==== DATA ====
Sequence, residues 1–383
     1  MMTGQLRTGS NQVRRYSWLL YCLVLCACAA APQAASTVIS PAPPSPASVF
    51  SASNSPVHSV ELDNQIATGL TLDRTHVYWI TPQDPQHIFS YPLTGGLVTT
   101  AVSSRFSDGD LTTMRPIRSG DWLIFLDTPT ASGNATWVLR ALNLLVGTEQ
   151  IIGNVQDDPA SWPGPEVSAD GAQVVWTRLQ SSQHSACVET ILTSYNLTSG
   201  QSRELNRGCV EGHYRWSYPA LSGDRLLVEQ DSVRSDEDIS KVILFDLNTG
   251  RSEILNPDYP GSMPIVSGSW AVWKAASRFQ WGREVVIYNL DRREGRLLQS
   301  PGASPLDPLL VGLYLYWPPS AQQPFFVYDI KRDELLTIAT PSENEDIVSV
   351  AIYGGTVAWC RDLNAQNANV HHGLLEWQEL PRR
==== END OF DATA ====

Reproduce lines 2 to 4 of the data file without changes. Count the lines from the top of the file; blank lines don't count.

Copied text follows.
     1  MMTGQLRTGS NQVRRYSWLL YCLVLCACAA APQAASTVIS PAPPSPASVF
    51  SASNSPVHSV ELDNQIATGL TLDRTHVYWI TPQDPQHIFS YPLTGGLVTT
   101  AVSSRFSDGD LTTMRPIRSG DWLIFLDTPT ASGNATWVLR ALNLLVGTEQ